Not all bitcoins are worth the same: in fact, some of them, called “virgin bitcoins”, are more valuable.
These are BTC that have a clean transaction history or have none at all since they have been mined and not used yet.
Their value on the market is greater because these are BTC that have never been involved in operations that have fallen under the monitoring of the supervisory authorities.
Indeed, each individual Satoshi (one hundred millionth of a bitcoin) can be used to track the entire history of all transactions in which it has been involved since its creation.
Bitcoin’s blockchain is public, so no matter how long and difficult it may be, it’s always possible for anyone to track all the transactions in which every single Satoshi has been involved, since the creation of Bitcoin’s blockchain on January 3rd, 2009.
Some of these BTC have been involved in operations that ended up under observation by the monetary or tax control authorities because they were used for illegal activities or stolen during some hacks.
Others, on the other hand, have never been involved with these activities. Therefore, they are defined as “virgins”, because they are pure and have a greater value since they are scarce and in high demand.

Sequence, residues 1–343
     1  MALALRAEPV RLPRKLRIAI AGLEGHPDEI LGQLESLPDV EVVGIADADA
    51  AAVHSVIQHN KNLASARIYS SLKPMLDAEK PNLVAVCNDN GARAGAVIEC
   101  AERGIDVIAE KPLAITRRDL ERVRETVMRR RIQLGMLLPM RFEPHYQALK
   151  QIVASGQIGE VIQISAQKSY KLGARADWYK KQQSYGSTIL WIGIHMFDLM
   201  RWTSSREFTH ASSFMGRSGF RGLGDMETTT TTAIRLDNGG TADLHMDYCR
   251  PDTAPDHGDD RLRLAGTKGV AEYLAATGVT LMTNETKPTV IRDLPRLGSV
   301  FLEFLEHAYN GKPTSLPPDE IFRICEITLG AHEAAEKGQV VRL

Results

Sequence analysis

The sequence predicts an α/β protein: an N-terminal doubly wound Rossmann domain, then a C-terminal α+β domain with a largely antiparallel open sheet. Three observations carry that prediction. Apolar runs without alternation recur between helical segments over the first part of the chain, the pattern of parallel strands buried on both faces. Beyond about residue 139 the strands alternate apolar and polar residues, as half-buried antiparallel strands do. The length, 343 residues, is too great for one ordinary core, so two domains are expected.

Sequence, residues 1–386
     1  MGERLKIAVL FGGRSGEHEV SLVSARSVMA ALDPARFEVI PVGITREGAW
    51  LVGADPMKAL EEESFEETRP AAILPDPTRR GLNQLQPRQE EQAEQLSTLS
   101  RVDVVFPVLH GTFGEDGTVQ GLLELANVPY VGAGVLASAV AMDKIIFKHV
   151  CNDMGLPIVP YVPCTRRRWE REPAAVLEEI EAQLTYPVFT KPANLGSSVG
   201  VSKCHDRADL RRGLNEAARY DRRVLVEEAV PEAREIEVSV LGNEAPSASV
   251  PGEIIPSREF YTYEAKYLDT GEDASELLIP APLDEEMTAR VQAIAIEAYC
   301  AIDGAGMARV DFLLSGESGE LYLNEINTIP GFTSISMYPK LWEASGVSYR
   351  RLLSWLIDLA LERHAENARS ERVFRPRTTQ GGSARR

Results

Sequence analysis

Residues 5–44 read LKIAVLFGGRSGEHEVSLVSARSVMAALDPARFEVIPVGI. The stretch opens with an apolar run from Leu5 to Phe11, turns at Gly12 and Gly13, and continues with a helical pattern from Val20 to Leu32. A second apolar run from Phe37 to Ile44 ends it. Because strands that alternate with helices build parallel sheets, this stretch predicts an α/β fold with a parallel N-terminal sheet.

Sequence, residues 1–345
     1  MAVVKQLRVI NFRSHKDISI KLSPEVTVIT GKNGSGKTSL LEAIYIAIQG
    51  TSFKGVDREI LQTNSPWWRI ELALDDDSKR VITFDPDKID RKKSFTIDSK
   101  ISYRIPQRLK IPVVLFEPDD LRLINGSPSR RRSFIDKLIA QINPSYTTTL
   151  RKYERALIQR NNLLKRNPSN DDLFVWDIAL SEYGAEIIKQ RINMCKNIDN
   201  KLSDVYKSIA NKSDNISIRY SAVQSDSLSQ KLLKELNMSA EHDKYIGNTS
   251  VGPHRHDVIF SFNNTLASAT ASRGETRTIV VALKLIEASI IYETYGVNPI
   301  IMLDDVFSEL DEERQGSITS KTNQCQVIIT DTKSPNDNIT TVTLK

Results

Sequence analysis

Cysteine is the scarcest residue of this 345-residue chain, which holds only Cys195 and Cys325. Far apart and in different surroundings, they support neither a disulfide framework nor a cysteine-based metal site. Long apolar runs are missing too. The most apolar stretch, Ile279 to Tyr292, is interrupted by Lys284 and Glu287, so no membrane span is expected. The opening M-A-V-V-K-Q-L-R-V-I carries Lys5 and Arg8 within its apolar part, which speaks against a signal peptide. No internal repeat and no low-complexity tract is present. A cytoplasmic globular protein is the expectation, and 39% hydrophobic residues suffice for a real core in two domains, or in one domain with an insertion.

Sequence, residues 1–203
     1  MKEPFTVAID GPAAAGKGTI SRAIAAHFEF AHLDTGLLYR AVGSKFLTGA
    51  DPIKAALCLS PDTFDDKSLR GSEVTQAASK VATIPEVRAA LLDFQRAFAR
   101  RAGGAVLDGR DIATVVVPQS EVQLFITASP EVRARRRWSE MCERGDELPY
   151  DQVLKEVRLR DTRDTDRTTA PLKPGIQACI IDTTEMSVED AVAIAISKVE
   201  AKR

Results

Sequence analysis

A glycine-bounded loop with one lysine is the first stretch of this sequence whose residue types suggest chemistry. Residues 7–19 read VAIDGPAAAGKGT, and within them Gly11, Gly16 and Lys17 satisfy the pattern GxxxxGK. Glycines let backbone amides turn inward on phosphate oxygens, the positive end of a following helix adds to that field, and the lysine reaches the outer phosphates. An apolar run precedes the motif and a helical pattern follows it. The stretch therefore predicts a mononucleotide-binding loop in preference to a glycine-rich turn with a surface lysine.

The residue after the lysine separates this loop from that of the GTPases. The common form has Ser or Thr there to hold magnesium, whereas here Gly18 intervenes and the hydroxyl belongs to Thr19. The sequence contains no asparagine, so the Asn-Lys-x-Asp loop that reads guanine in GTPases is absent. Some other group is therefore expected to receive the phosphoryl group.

This category includes those that have been mined and never used. In other words, they are, and have always been, on the addresses of the miners who have extracted them, and hence have not been involved in any transaction.
However, there are also others that are clean despite the fact that they have sometimes been used in some transactions. The value of virgin bitcoins tends to be higher than that of unclean BTC, which circulate in large numbers on the market, by a percentage between 10% and 30%.
In fact, unclean bitcoins are not necessarily dirty, i.e. they may not have been involved in illegal transactions in the past, but it is not certain that they are clean, therefore they are not considered virgin and have a common market value.
The concern is that they may somehow be confiscated or retained by the authorities if they are deposited at an address managed by a regulated intermediary.
In addition, the regulated intermediaries themselves may refuse to accept BTC of dubious origin, and therefore have restrictions in place which result in a specific market demand for virgin bitcoins.
According to Flex Yang, CEO of Babel Finance, the G20 summit held in June 2019 raised a number of concerns, in particular regarding the issuance of new Financial Action Task Force (FATF) regulations on cryptocurrencies.
Fear of these regulations, according to Yang, is the main cause of the market demand for virgin BTC which has generated the increase in their value.
According to investment advisor Jeff Horowitz, they could also encourage more and more people to conduct one-on-one transactions, without relying on intermediaries or using decentralised platforms.